Vintage Folk Art American Hooked Rug with Barbershop Quartet Design 72411


Size: 3 ft 8 in x 2 ft 10 in (1.12 m x 0.86 m)

Folk Art Hooked Rug with Barbershop Quartet Motif, Country Of Origin: United States, Circa Date: Mid 20th Century – This adorable American hooked rug gives you a glimpse of early 20th-century life in four-part harmony. Rug hooking is a craft that continued to be popular until the 1930s. The artists who created these pieces were inventive, and you can find them in almost any pattern or color. This creative piece features a barbershop quartet with the iconic barbershop pole, and if you look closer, you can discover a few details that give you clues to the story behind this piece.

The piece features three phrases, which are the titles of a few famous barbershop quartet standards. The first is “Sweet Adeline.” This song was first published in 1903 and was first made popular by the Haydn Quartet. It is a barbershop standard and has been recorded many times throughout the decades.

The second song title that floats over the singers’ heads is, “The Old Oaken Bucket.” It was adapted from a Samuel Woodworth poem written in 1826 and set to music by George Kiallmark in 1887. It was made famous by the Haydn Quartet in 1899 and became a standard that was sung by schoolchildren at the time. The Haydn Quartet changed its name to Hayden Quartet in 1910 and disbanded in 1914.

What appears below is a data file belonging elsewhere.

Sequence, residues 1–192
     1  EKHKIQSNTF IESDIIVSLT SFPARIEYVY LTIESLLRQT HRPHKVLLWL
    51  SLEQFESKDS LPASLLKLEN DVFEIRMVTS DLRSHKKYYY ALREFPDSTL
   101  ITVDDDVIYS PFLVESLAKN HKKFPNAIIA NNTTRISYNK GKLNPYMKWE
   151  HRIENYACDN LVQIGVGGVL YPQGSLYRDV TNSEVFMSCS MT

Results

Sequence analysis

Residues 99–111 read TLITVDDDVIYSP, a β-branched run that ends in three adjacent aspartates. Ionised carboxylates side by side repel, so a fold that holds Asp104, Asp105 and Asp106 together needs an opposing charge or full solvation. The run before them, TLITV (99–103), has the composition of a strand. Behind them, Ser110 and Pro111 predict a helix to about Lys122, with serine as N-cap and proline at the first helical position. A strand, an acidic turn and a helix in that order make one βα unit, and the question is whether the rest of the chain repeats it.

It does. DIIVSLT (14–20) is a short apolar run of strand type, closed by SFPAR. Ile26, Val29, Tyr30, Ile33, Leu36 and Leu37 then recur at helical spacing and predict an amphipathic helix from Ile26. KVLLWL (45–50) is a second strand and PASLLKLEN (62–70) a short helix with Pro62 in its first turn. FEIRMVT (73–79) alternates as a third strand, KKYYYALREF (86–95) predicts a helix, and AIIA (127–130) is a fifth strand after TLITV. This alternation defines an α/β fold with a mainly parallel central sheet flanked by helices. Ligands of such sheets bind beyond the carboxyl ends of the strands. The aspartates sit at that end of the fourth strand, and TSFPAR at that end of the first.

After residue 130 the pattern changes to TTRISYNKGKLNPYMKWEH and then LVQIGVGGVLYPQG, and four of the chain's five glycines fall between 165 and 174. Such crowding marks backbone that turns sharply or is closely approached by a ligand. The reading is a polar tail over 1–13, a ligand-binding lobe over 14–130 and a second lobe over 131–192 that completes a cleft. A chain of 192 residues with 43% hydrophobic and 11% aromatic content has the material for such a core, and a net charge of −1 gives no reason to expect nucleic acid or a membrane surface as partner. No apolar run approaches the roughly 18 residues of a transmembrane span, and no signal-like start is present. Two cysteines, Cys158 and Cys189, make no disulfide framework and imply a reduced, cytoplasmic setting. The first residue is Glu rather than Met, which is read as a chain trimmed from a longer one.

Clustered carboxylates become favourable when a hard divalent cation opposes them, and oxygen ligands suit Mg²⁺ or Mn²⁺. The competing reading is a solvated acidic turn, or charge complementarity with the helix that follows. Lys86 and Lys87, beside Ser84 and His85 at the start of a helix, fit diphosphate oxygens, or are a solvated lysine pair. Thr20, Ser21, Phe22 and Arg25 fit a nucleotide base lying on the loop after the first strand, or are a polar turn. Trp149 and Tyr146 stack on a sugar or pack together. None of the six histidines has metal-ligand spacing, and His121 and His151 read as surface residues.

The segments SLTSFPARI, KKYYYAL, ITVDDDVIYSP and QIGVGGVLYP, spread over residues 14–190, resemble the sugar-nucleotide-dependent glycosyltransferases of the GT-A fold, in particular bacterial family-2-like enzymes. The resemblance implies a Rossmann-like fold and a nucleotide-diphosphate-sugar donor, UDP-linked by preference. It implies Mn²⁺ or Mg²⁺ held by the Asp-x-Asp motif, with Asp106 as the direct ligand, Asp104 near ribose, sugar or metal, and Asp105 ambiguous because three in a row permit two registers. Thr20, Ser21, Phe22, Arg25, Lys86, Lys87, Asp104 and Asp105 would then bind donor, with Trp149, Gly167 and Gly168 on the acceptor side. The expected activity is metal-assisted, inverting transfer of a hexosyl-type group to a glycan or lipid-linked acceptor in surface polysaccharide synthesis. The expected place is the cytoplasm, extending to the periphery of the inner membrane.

The bottom of the piece features the title, “That Old Gang of Mine.” This song was composed in 1923 by Ray Henderson and published by Irving Berlin. It became an instant hit in the Ziegfeld Follies and Vaudeville shows. These clues would appear to place the creation of the piece after 1923. It also seems to pay tribute to the famous Hayden Quartet, but there is another clue.

In a standard barbershop quartet, the four singers stand in a certain order. They are typically tenor, tenor, baritone, and bass. The second tenor typically sings the lead. You will notice in this piece that the second tenor is singing loud and proud. Of course, we will never know the real story behind the creation of this piece, and it certainly presents more questions than it answers. Was this piece created for someone who was a lead singer in a barbershop quartet? What is the connection to the Hayden Quartet, or were they just fond of them?

In all honestly, we will never know, but that is the intrigue of this fascinating piece of early 20th-century artwork. It is small enough to mount and become a charming piece of your decor. One thing for certain is that this piece will be a conversation starter.

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